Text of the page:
Kurt Anderson: This is Studio 360. I'm Kurt Anderson. Musicians these days don't have to depend on their labels or critics to categorize the music they make. They can do it themselves when they upload their songs to iTunes or Soundcloud. The musician that's going by the name Al Spx invented a new genre for herself: Doom Soul/Gothic Gospel. It started out as a joke, but it stuck, and it's not really inaccurate.
Anderson: The band she's put together to play her music is called Cold Specks. They're in New York to start their North American tour. She and two of her musicians are here with me now. Al Spx, welcome to the Studio 360.
Al Spx: Hello.
Anderson: So I have a lot to ask you about, but will you start us off with a song, Send Your Youth?
[Cold Specks plays "Send Your Youth"]
Anderson: That was Cold Specks, singer/songwriter Al Spx on vocals with Tom Greene on piano and Chris Cundy on sax, performing "Send Your Youth" off their new album, I Predict a Graceful Expulsion. So as I've been listening to this music, I hear, along with soul and gospel, a distinct folk piece as well, yeah?
Spx: Yeah. I started out, really, when I in University, when I first really got into music, I was really listening to a lot of folk, like the American Anthology of Folk Music and the Alan Lomax recordings, and some newer stuff like Bill Callahan and Will Oldham. A lot of that definitely seeped into my songwriting, I think.
Anderson: Was it old Alan Lomax recordings that got you interested in the music of the American South and gospel and that kind of thing?
Spx: I think so. I didn't ever really listen to gospel music, but I was listening to a lot of soul singers who were, who definitely were heavily influenced by gospel music, and I guess it's just a sort of cycle that seeped into their music and it actually seeped into mine as well. It wasn't until afterwards that I went back and listened to people like Mahalia Jackson.
Anderson: Given that influence, and given the spiritual existential quality of a lot of your lyrics, did you grow up going to church?
Spx: Not a Christian in my family. We're not even a Christian family. We're Muslims. My family is from Mogadishu.
Anderson: Aha. So you're a Somali-Canadian, I guess? Would be the hyphenate that you would go by?
Anderson: You've said in the past that when you were writing these songs that you could barely play the guitar. It must have been scary to go into a studio with all those professional musicians, and "Here, I'm on the guitar".
Spx: It was, really. At first it was this incredibly daunting experience. I didn't know the people who were playing on the record very well. I didn't know my songs very well. There were a lot of unknowns.
Anderson: Wow. You could have failed in so many ways!
Spx: I could have! [laughs] Luckily, I didn't.
Anderson: How old are you?
Spx: I'm 24.
Anderson: So, you're fully an adult. You began writing music when you were a teenager?
Spx: Sort of. In high school, I was attempting to write songs. Just morbid, emo teenage nonsense.
Anderson: That's what teenagers do. Can we hear another one? Not teenage emo nonsense?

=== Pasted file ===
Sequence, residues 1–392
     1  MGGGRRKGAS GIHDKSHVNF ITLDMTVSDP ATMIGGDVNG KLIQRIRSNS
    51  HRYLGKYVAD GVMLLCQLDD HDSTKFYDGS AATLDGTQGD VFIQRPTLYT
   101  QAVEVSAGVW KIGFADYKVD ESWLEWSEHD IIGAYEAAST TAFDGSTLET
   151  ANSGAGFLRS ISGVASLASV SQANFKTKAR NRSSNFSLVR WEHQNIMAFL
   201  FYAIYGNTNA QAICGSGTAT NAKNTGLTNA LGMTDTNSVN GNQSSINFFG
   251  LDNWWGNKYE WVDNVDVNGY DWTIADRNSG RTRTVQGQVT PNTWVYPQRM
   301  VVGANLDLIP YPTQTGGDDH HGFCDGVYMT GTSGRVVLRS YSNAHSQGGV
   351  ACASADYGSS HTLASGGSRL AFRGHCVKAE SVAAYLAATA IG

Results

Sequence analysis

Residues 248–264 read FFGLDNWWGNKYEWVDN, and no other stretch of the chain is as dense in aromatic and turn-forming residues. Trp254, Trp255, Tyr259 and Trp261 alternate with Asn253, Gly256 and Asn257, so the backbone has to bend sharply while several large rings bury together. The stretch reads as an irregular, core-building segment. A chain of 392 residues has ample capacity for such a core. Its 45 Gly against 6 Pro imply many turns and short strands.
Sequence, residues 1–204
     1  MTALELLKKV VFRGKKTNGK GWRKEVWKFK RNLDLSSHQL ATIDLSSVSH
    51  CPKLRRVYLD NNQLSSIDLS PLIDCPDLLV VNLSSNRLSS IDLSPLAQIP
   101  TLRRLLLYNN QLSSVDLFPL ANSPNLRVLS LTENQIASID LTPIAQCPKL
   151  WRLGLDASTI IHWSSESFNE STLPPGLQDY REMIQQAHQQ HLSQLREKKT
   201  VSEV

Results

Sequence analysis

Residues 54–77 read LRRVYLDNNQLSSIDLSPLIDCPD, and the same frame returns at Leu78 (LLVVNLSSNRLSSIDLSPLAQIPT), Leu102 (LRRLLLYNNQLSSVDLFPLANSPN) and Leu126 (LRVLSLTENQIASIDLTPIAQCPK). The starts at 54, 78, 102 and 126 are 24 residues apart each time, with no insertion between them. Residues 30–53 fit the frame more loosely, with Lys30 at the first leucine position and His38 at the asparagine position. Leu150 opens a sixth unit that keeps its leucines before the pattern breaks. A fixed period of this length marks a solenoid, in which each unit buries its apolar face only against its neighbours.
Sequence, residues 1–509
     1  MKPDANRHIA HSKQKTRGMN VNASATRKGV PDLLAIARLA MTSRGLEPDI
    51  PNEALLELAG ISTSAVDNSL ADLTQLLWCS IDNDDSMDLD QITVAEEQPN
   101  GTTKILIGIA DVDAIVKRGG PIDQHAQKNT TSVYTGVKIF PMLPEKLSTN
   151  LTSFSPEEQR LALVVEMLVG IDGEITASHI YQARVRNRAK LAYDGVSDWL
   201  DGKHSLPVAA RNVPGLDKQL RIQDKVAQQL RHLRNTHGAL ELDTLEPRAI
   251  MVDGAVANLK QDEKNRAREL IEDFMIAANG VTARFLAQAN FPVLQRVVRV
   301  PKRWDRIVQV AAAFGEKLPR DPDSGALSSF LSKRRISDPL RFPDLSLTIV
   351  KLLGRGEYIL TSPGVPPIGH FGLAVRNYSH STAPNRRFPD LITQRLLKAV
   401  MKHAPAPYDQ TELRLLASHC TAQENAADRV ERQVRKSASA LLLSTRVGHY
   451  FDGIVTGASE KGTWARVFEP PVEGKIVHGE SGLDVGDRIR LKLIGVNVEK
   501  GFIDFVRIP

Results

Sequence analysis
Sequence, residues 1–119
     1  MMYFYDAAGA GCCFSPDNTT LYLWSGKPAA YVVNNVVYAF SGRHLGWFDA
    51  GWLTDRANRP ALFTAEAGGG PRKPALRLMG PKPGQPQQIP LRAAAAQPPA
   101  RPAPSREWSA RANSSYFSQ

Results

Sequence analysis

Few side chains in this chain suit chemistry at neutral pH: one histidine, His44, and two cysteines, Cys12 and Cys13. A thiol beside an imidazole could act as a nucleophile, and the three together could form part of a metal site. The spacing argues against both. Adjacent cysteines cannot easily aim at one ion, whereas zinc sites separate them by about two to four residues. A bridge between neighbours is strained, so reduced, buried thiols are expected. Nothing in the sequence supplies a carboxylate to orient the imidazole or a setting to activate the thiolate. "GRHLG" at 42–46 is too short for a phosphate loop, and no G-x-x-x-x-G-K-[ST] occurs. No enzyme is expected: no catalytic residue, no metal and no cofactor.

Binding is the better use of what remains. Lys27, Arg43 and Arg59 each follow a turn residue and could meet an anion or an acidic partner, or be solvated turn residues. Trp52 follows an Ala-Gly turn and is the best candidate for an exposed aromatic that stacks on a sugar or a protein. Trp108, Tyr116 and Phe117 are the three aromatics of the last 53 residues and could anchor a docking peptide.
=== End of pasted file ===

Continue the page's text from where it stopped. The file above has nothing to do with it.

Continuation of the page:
Spx: Yeah. Now, just adult emo nonsense.
Spx: Elephant Head?
[music - Cold Specks plays "Elephant Head"]
Anderson: That is the band Cold Specks - Al Spx, Tom Greene and Chris Cundy, performing "Elephant Head" from their album. Kind of the title track of I Predict a Graceful Expulsion, their latest record.
You talk a lot in the lyrics on this record about Toronto, where you grew up; Named particular streets and lakes and landmarks. But now you've moved to London. Not London, Ontario, but the English one. Is that--
Spx: Are you Canadian?
Spx: Are you Canadian?
Anderson: I am not Canadian. I'm Nebraskan. As close to Canada as America gets in a certain way. But no. I'm not Canadian. But I'm interested in Canadians, and Canada. Is that the reference of Graceful Expulsion, your self deportation back to the Old Country?
Spx: The word "expulsion" represents a lot of things. Moving is probably one of them, but it's also just letting go of a lot of things: People, faith in things, faith in love, faith in a higher power.
Anderson: Uh-huh. And Al Spx, the pseudonym. Why did you decide to perform with a pseudonym, rather than your lovely actual name?
Spx: I just wasn't comfortable with having my name out there. I think the artist is a separate individual from the person. And the record rides really sad at times, really morbid, and I didn't want that attached to my name. And I just thought the record was written about a certain time in my life and that's not really representative of who I am now. And I'd rather leave my name out of it.
Anderson: Keep a boundary between who you really are?
Spx: Yeah, exactly. It wasn't until I embraced the Al Spx persona on stage that I was able to play these songs.
Anderson: And I take it the real you isn't so crazy about playing shows?
Spx: The real me, if she had her way, would want to be [Jen Deck??].
Anderson: You mean, be a nobody in Nowheresville that may or may not exist?
Spx: Just make a bunch of records and put them online, but--
Anderson: This is the business you've chosen.
Spx: Yeah, and I'm going to grow up and suck it up and just play shows and attempt to sell records [laughs].
Anderson: Excellent. Al Spx, thank you so much for coming in today.
Spx: Thank you for having me and talking with me.
Anderson: Could you play us out, with a song?
Spx: Sure. This last song is "Blank Maps".
[music - Cold Specks plays "Blank Maps"]